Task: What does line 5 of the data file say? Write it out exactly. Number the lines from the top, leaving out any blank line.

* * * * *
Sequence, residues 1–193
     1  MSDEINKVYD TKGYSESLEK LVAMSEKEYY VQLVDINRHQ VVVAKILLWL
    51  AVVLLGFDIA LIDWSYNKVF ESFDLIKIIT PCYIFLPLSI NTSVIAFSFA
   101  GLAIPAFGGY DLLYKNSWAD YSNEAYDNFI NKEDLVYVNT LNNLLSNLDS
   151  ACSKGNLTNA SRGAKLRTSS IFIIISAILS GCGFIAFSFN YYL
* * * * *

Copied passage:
   151  ACSKGNLTNA SRGAKLRTSS IFIIISAILS GCGFIAFSFN YYL